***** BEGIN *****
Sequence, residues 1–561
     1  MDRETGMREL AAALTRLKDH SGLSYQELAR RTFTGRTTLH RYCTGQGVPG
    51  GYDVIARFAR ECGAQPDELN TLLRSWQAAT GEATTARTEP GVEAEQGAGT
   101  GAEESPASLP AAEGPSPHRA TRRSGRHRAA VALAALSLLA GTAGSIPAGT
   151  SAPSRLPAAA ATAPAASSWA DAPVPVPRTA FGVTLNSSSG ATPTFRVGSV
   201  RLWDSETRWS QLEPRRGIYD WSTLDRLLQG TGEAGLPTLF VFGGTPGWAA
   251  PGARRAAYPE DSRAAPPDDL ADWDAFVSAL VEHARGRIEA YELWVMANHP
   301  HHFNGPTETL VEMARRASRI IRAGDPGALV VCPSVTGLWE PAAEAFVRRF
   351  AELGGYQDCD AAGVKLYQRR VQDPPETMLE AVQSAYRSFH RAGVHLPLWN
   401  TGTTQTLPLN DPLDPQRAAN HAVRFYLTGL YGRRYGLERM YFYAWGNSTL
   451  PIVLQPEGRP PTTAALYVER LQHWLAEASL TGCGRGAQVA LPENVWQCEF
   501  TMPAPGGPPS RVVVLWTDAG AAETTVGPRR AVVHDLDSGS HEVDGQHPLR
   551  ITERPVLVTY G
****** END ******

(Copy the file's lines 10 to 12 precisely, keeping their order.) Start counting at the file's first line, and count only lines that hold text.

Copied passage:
   401  TGTTQTLPLN DPLDPQRAAN HAVRFYLTGL YGRRYGLERM YFYAWGNSTL
   451  PIVLQPEGRP PTTAALYVER LQHWLAEASL TGCGRGAQVA LPENVWQCEF
   501  TMPAPGGPPS RVVVLWTDAG AAETTVGPRR AVVHDLDSGS HEVDGQHPLR